The InChI algorithms are written in C++ and not available as Java library. Integration into software written in Java therefore requires a bridge between C and Java libraries, provided by the Java Native Interface (JNI) technology.
We here describe how the InChI library is used in the Bioclipse workbench and the Chemistry Development Kit (CDK) cheminformatics library. To make this possible, a JNI bridge to the InChI library was developed, JNI-InChI, allowing Java software to access the InChI algorithms. By using this bridge, the CDK project packages the InChI binaries in a module and offers easy access from Java using the CDK API. The Bioclipse project packages and offers InChI as a dynamic OSGi bundle that can easily be used by any OSGi-compliant software, in addition to the regular Java Archive and Maven bundles. Bioclipse itself uses the InChI as a key component and calculates it on the fly when visualizing and editing chemical structures. We demonstrate the utility of InChI with various applications in CDK and Bioclipse, such as decision support for chemical liability assessment, tautomer generation, and for knowledge aggregation using a linked data approach.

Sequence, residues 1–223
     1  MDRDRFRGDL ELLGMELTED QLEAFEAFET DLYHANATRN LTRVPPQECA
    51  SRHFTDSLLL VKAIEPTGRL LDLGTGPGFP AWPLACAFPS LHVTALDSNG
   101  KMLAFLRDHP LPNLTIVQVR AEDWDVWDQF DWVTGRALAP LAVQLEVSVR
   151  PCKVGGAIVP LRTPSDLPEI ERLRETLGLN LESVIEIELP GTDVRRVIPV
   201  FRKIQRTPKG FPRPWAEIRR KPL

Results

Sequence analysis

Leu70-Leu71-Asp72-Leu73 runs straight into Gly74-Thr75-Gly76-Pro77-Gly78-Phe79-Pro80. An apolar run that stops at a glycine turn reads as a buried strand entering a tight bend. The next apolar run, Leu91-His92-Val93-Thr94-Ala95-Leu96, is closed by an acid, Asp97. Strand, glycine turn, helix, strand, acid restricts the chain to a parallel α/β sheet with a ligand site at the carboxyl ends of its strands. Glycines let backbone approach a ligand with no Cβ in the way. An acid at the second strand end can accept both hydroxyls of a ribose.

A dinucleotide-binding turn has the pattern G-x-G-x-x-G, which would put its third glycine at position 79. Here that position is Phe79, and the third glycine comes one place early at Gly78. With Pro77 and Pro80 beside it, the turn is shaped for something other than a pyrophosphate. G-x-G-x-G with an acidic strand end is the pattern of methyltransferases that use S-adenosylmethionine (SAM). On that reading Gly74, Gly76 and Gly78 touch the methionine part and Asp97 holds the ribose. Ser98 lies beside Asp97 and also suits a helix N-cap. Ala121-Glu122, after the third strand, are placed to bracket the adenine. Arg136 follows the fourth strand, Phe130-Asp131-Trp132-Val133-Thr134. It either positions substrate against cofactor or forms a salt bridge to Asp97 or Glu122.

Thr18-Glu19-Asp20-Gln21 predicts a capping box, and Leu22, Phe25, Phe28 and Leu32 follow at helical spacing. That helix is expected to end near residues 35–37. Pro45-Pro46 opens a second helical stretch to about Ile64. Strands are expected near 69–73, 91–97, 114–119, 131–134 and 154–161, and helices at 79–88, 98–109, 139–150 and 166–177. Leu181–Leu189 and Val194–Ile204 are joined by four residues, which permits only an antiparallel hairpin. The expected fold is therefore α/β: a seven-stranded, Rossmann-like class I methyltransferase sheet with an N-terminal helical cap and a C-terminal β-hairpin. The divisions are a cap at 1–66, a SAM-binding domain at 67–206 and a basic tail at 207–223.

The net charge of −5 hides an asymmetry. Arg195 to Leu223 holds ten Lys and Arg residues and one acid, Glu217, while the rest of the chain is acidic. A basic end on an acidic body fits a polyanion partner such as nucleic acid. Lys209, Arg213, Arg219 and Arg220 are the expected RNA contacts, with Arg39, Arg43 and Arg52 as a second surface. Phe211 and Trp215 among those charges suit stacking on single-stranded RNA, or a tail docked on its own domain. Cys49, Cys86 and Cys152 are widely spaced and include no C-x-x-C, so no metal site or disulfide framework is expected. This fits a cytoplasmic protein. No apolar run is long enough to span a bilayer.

These results show that the InChI library can be used in a variety of Java library dependency solutions, making the functionality easily accessible by Java software, such as in the CDK. The applications show various ways the InChI has been used in Bioclipse, to enrich its functionality.
InChI, InChIKey, Chemical structures, JNI-InChI, The Chemistry Development Kit, OSGi, Bioclipse, Decision
support, Linked data, Tautomers, Databases, Semantic web
|Uploaded By||Andrew Cornell|
|Number of Comments||No Comments|
|Date Published||March 13, 2013|
|Content Tags||Algorithm, Application, Audience, Bioinformatics, Cheminformatics, Content type, Curricular Material, Data Extraction, English, File Type, Graduate, InChI Algorithm and Description, InChI Application, Language, PDF, Publication, Researcher, Script, Software, Toolkits, Undergraduate, ePub|